Things were beginning to look up for Gunter. He got accepted to NYU, and began his course work, while continuing to feel more settled in the US. He met, and fell in love with a woman named Patricia Monroe, the daughter of one of his professors, and married quickly. Two years into his studies, the Crash came. Gunter lost his job and quit school. Tensions grew in the Heidel household.
Gunter began to drink heavily. This concerned Patricia with Prohibition still around and the possibility of her husband facing jail time. She would lock herself in the bathroom down the hall for extended periods of time, to the dismay of other tenants.
Things shifted for the worst for this little family. Gunter received a telegram from a family friend in Germany. His father had committed suicide. His mother walked in on him in bed with another man, in the bottom position. The other man in question was Franz, the church organist. Gunter's father grabbed his pistol and put the barrel in his mouth. Gunter's mother was put away.
"Mother", uttered Gunter. He tore up the telegram, and stormed out of the house to his alcohol source, which required a password.
"Scotch on the rocks, Mike," he said to the bartender.
Mike is chatting with a twenty-something blonde at the end of the bar. He nodded his head toward Gunter, but continued to speak with the blond.
"Throat's a little dry," Gunter continued.
Mike whispered in the blonde's ear. She laughed like a banshee. She must have had one drink too many. He walked toward Gunter, told him not to lose his shirt, and to front some money.
"Put it on my tab. I'll pay when I find work."
"Your tab's no good. I've got five mouths to feed," Mike responded. "Show me greenbacks, Kraut."
Gunter told Mike that his father died, but spared him of the intimate details. Mike told him he was sorry to hear of his loss, but still could not give Gunter a drink. Like he said, five mouths to feed at home. Mike went back to the blonde. Gunter stood up, and headed toward that direction.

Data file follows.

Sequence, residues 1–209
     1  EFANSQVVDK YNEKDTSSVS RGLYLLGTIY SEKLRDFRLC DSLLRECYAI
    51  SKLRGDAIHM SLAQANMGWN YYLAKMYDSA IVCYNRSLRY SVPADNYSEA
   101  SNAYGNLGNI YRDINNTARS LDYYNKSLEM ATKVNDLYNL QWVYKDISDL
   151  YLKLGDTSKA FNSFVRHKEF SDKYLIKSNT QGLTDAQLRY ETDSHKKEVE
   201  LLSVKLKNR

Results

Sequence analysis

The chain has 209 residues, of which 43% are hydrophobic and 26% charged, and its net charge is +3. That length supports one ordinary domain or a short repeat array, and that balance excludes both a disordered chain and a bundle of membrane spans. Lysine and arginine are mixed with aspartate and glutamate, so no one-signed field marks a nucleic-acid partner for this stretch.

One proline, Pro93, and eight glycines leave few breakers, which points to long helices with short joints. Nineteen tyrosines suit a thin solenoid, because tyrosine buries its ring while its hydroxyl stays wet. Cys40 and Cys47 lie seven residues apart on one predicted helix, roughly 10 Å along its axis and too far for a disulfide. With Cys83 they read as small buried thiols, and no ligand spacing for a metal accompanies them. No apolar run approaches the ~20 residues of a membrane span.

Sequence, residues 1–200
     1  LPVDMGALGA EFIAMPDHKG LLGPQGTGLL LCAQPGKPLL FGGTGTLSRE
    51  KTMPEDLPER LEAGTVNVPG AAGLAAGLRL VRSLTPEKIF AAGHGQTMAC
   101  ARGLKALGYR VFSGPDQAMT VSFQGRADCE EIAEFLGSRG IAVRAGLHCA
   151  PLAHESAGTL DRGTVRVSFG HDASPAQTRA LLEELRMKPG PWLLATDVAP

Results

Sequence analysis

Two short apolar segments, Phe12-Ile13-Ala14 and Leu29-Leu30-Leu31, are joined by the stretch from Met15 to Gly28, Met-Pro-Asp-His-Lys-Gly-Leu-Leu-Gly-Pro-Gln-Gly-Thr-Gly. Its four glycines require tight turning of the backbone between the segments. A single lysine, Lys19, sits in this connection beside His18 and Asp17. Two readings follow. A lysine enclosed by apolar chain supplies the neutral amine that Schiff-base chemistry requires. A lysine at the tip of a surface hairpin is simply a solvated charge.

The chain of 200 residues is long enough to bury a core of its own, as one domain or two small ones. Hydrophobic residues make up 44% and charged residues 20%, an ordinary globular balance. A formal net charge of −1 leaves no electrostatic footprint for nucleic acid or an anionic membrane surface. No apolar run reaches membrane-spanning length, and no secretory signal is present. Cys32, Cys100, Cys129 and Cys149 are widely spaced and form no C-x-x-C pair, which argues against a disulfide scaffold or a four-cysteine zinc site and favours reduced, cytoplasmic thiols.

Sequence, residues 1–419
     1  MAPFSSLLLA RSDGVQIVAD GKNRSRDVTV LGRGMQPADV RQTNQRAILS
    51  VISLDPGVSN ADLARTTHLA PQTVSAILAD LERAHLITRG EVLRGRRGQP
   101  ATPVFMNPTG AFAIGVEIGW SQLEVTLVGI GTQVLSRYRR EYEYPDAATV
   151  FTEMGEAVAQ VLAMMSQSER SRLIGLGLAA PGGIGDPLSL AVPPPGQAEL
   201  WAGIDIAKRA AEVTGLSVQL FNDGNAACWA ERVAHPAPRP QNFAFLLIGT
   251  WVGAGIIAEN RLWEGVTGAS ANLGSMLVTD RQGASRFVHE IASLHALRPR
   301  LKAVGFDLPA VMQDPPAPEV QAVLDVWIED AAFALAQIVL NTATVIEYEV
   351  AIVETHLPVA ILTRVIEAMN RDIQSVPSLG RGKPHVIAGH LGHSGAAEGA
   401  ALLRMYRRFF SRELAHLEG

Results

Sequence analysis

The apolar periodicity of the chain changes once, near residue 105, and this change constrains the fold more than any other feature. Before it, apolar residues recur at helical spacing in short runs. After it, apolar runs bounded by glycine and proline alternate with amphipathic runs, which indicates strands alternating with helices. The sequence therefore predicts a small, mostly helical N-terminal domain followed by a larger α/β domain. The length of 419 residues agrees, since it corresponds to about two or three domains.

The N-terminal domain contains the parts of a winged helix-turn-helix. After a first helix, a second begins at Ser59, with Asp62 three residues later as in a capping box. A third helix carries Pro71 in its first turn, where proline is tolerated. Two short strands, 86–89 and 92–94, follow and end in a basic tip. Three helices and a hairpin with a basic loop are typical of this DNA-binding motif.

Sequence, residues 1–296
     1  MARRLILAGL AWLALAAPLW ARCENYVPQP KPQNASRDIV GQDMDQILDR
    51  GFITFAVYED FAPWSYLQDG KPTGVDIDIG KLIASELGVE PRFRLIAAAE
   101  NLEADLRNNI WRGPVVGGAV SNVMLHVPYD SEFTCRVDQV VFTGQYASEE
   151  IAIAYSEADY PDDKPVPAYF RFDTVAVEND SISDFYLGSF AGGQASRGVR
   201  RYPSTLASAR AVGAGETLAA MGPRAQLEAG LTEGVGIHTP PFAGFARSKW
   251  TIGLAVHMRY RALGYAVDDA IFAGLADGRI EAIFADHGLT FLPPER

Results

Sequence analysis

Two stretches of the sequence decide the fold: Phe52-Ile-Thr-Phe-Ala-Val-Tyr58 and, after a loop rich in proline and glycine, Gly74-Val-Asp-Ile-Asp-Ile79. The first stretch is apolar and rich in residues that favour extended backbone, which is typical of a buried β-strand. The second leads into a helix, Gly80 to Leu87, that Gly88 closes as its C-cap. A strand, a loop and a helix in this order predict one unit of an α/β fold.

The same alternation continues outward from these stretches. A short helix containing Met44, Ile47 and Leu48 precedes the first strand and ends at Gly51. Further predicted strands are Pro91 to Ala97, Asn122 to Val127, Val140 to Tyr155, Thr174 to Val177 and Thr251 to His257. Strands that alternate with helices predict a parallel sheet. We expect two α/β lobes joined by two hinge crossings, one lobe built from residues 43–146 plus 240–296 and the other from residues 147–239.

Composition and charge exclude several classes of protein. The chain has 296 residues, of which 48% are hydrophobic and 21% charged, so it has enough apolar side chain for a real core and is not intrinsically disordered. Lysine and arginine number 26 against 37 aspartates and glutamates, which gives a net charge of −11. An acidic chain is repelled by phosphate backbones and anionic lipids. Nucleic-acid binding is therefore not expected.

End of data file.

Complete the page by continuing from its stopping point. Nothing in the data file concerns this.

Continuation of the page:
"Hey baby, what's your name?" asked the blonde. Mike refilled her glass in order to make her legs easier to spread.
"You have my money?" Mike asked with a sneer.
Gunter grabbed Mike by the collar. Mike pleaded with him to calm down, the blonde laughed. A vein throbbed through Gunter's forehead, and the bartender struggled to loosen his grip. A crowd formed when Gunter slammed Mike's head on the counter. The blonde screamed as she finally grasped the seriousness of the situation. Mike managed to escape Gunter's grip, and he hopped over the bar throwing punches. The crowd grew rowdy, each cheering on their own guy. In the midst of all of this, two policemen entered.
They withdrew their batons, and trekked through the crowd. Some members of this audience backed away immediately, others claimed they had no idea alcohol was served here. The larger of the two yanked Gunter by his hair, and threw him to the ground. The side of his face hit the floor first, the impact so intense it shattered a few teeth. He felt particles skate across his tongue.
He sat in his cell, in hopes that Patricia would come. She did not have bail money, so he waited for three days. To his complete and utter surprise, his father-in-law showed up with the bail.
Outside the jail, the morning sun illuminated brightly on Gunter, his eyes shut extra tight, giving him more difficulty to look at his father-in-law straight in the eye. Gunter explained the suicide of his father, the mental breakdown of his mother and financial woes. His father-in-law listened in silence, and then explained that he had land down South. A tobacco farm in Georgia that could use an extra hand. The pay would be low, but Gunter is more than ecstatic, and accepts the offer.
"You're going to be outside working mostly with Negros, are you fine with that?" his father-in-law asked.
"It's fine. Work's work."
He drove Gunter back to his apartment, when he arrived; he apologized to Patricia and told him the news. They spent the next few months selling possessions and building a small amount of money before they left New York. In the spring of 1930, they bought two tickets for the 8am train to Valdosta.